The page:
A streamlined future for the pre-fab granny flat

The reasons a homeowner can dismiss building a backyard granny flat run the gamut — from complicated city permits to unexpected, exorbitant fees to neighborhood spats.

But some companies and cities are trying to clear up the red tape surrounding accessory dwelling units, or ADUs.

San Jose this month gave its first builder — Bay Area startup Abodu — pre-approval to put pre-fabricated homes in backyards across the city. The builder’s pre-approved plans allow customers to get expedited and lower-cost city reviews. It could speed up installation to as little as two weeks, not including site preparation.

Abodu co-founder John Geary said the company aims to bring more transparency and ease to the construction of ADUs. “As a homeowner, it’s daunting and scary,” he said.

Other builders are also expected to gain pre-approval status from the housing-starved city. San Jose leaders hope to add 25,000 homes and apartments by 2022, and estimate that at least 120,000 single family homes in the city could legally accommodate an ADU.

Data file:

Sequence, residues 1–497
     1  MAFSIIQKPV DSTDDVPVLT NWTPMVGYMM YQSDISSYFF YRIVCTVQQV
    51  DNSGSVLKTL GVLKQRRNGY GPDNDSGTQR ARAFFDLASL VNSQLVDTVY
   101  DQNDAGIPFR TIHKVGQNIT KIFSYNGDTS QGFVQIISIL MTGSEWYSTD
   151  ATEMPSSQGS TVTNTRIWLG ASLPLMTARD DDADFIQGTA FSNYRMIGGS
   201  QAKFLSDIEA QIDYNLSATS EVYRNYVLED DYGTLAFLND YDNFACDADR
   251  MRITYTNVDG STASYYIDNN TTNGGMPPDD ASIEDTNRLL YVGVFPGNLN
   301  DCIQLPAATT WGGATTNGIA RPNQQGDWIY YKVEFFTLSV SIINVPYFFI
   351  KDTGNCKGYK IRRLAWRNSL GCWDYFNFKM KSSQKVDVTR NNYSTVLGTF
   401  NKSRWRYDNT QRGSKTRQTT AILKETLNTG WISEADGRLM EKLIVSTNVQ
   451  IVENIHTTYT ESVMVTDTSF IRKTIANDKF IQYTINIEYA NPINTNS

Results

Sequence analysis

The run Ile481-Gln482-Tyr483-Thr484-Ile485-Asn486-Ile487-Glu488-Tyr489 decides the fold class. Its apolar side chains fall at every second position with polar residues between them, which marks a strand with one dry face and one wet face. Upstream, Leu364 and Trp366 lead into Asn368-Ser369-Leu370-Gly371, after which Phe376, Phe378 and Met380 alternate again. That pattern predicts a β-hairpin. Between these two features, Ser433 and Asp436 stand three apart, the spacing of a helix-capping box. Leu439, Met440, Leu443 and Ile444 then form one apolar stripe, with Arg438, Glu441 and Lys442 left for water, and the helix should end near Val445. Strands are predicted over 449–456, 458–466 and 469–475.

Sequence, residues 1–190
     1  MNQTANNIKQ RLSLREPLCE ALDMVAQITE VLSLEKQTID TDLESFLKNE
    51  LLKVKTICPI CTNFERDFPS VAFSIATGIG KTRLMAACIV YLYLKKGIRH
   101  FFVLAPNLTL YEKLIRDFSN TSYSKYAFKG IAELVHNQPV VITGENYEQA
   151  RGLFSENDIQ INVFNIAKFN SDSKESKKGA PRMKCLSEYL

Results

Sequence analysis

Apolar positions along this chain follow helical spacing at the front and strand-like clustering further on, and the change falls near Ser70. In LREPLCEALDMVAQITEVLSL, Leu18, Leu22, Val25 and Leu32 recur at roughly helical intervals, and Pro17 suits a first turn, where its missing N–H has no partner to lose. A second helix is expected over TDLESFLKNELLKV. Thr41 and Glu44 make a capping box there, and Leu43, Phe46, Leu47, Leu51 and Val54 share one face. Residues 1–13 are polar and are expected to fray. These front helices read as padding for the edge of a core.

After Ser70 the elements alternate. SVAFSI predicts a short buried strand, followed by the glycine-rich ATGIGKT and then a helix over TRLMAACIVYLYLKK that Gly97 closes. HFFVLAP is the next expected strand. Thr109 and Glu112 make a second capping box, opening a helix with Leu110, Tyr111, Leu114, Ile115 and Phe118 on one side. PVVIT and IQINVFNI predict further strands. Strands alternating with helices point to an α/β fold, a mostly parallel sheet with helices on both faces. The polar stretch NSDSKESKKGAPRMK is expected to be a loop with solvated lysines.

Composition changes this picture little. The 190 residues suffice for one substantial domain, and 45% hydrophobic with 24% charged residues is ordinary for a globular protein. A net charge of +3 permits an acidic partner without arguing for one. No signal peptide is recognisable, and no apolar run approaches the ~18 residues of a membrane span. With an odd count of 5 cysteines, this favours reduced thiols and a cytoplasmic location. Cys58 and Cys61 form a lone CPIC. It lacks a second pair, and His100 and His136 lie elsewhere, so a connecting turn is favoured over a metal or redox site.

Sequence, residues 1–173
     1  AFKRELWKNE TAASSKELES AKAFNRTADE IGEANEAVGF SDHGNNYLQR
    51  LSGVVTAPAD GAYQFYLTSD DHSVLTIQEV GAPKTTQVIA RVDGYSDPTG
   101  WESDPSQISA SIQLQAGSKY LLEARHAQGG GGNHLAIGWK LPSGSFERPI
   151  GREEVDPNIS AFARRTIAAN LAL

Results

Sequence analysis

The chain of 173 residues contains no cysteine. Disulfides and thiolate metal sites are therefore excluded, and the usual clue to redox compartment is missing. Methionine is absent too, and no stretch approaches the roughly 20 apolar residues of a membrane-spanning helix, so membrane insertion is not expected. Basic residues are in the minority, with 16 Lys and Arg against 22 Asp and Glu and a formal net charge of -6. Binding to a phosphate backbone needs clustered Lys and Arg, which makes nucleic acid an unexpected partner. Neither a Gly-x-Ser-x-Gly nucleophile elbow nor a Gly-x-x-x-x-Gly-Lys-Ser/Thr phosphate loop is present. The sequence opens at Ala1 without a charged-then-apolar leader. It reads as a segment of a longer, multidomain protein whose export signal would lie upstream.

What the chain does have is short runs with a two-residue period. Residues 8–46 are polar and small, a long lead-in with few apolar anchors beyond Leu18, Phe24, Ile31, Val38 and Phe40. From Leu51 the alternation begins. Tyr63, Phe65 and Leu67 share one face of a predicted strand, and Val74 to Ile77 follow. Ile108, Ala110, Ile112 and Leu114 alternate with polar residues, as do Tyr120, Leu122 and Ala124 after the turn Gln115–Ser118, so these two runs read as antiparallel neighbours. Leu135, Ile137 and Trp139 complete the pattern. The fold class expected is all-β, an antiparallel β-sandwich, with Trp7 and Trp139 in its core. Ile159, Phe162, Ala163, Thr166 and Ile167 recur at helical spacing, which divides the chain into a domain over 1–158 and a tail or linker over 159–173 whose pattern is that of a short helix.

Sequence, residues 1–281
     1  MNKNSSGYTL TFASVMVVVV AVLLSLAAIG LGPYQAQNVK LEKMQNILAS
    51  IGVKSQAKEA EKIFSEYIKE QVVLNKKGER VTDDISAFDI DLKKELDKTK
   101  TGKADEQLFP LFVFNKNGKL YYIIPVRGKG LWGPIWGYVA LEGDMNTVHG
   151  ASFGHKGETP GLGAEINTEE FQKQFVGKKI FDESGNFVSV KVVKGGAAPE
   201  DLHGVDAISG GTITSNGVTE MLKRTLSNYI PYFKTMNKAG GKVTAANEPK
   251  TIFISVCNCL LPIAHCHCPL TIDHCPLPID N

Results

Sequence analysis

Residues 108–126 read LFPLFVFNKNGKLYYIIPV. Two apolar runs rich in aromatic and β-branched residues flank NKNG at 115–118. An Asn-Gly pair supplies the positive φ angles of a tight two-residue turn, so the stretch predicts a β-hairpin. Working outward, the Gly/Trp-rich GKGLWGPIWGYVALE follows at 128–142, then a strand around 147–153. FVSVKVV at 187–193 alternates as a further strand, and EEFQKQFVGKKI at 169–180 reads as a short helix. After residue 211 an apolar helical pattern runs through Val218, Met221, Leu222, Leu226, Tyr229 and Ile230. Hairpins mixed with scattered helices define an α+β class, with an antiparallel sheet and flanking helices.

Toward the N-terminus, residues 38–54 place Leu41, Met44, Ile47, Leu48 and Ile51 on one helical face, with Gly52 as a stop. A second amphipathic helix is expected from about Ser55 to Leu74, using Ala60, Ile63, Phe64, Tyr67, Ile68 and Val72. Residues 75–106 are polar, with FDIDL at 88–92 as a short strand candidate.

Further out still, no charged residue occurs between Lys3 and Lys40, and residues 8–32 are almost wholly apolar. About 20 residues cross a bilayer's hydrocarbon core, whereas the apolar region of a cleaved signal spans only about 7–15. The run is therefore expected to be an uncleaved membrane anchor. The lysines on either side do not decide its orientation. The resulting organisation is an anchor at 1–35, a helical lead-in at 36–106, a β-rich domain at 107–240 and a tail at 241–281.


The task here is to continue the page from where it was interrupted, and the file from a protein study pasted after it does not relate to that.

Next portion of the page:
“We won’t solve our housing crisis $650,000 at a time,” mayor Sam Liccardo said in a statement. “We have to bend the cost curve in order to build more housing.”

The city recently announced it was considering a partnership with the Housing Trust Silicon Valley to provide up to 200 forgivable loans for ADU construction. The loans, worth up to $20,000 for San Jose homeowners to cover planning and permitting costs, would be forgiven if a new unit is rented to a low-income residents for five years.

San Jose last month launched a series of programs to streamline permitting for backyard units.

The push by the state’s third-largest city comes as California faces a housing shortage of an estimated 3.5 million homes and apartments. Planners and developers see in-law units as a promising way to chip away at the …read more

Source:: The Mercury News – Business


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